This weekend saw the return of the X Factor on ITV. However, with the worst viewing figures for an opening show in six years with less than 10 million tuning in, I don’t think we could exactly call it ‘eagerly anticipated’. But despite this slump, it was still the most-watched show on Saturday, confirming it for the moment as a viable way of communicating with Britain’s consumers.
In the past, some of the advertising that has surrounded the X Factor has been more talked about than the show itself, with brands often taking over full ad breaks to showcase breaking creative. I am sure I don’t need to remind you of last year’s YeoValley boyband commercial, or Marks and Spencer’s weekly edits based on who was eliminated from the show.
Saturday’s launch was a little disappointing on the ad front (although I am not implying that the showcase of ‘talent’ fared much better); the only activity which differed to regular programming was executed by The Sun, who ran a 90 second ad in the third break. As part of their ‘Get Involved’ campaign, the ad was designed to showcase ‘everything that is brilliant about The Sun’, crammed into one advert to reflect the ‘volume of people and issues that The Sun cares about’. The campaign is the first work to come from Team News, the group of WPP agencies led by Grey London that picked up the business in April this year.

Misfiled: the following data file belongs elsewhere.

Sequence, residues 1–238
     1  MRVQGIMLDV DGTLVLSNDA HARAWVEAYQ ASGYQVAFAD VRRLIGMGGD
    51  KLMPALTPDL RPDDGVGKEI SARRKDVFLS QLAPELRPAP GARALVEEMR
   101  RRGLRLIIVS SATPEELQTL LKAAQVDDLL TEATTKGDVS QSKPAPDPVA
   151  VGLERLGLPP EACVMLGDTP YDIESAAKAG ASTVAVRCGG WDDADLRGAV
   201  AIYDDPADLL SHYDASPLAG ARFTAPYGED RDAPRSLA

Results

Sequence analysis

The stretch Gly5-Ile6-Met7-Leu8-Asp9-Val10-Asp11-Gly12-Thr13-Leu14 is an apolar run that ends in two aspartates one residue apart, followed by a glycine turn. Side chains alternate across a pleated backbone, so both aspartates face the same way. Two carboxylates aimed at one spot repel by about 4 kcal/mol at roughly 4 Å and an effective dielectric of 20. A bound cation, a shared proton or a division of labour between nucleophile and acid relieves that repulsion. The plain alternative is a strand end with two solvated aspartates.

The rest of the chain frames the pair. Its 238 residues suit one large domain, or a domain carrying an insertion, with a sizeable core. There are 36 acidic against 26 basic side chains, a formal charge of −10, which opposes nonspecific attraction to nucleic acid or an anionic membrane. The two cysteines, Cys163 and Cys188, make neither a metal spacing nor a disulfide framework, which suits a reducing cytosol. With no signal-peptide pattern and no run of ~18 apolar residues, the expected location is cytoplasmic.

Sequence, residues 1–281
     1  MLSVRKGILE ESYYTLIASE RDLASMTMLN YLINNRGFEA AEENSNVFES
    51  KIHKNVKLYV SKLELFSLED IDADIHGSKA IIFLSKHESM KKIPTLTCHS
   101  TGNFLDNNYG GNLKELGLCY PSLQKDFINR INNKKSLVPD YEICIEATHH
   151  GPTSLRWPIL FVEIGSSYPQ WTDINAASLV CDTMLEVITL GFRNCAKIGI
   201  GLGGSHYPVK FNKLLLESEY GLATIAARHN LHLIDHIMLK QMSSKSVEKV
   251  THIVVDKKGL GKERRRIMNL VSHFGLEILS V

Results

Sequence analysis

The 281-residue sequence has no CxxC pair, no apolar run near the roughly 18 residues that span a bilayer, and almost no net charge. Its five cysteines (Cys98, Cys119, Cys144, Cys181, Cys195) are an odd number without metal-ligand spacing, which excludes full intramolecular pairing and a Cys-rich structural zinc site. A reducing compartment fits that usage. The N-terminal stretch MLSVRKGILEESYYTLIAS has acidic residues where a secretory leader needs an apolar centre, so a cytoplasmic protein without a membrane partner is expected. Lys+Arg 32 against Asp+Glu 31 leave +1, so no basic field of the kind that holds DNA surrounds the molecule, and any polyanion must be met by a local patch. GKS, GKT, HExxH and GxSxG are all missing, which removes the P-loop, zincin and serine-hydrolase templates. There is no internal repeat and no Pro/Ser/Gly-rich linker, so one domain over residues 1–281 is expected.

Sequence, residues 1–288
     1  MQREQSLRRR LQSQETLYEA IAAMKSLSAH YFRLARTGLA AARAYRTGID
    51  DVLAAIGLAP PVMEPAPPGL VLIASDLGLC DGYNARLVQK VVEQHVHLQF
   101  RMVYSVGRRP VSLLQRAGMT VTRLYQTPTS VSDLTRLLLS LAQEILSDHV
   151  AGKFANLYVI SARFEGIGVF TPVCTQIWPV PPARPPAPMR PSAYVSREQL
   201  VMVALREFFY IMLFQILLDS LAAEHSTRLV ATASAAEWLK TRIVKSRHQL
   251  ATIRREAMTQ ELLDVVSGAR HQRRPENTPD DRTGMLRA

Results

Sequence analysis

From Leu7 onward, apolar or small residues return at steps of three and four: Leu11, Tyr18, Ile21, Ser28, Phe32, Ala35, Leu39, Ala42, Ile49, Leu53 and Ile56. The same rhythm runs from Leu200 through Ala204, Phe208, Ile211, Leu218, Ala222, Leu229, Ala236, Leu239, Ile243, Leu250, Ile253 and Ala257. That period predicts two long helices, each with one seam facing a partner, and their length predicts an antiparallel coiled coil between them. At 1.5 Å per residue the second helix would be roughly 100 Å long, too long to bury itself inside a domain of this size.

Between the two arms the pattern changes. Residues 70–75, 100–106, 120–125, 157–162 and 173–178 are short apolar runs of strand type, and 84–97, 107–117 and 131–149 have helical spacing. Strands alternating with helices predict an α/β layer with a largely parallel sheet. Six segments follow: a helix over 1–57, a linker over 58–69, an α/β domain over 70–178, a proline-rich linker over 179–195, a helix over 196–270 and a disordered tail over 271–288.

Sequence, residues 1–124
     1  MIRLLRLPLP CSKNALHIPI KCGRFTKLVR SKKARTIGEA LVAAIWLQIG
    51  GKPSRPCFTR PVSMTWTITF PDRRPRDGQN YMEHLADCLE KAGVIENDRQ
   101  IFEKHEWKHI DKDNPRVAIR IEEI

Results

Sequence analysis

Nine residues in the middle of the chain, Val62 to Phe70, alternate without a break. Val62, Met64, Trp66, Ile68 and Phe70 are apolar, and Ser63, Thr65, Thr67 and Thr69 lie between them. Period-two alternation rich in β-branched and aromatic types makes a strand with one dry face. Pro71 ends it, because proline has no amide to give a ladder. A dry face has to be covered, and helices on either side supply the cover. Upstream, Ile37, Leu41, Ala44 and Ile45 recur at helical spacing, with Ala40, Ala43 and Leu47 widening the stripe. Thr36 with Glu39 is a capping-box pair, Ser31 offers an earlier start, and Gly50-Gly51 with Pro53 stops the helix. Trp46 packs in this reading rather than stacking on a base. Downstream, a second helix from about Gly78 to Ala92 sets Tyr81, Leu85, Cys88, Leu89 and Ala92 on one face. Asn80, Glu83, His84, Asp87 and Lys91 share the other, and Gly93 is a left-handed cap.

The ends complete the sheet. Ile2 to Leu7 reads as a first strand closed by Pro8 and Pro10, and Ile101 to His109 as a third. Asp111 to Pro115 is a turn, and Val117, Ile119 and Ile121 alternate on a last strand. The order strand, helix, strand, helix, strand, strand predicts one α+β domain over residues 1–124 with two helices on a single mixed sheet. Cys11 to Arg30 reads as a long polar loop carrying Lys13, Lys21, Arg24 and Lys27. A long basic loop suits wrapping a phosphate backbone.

If I am honest, I barely noticed the advert until I remembered I was writing a blog post on any ‘interesting’ X Factor ads, and this was as close as I could get. And I hardly think this is the reaction The Sun were hoping for. The advert is part of a series of shorter ads, one of which has been running since Wednesday focusing on football but using an identical format, impeding much of the impact this 90 second execution may have held. The Sun also ran promoted tweets after the ad had aired, reflecting to me that the ad was too dull to drum up any organic conversation, both online and offline.
While I am not implying that this is the best we will see during X Factor’s seemingly endless span of shows across the end of the year, it could be suggested that this is a sign that brands are conscious of the show’s waning audience. However, I am hopeful that we are just going to have to endure numerous weeks of deluded tone-deaf Brits to be rewarded with 120 seconds of creative mastery.
Posted by Becci Dive, Media Assistant; @thatbecci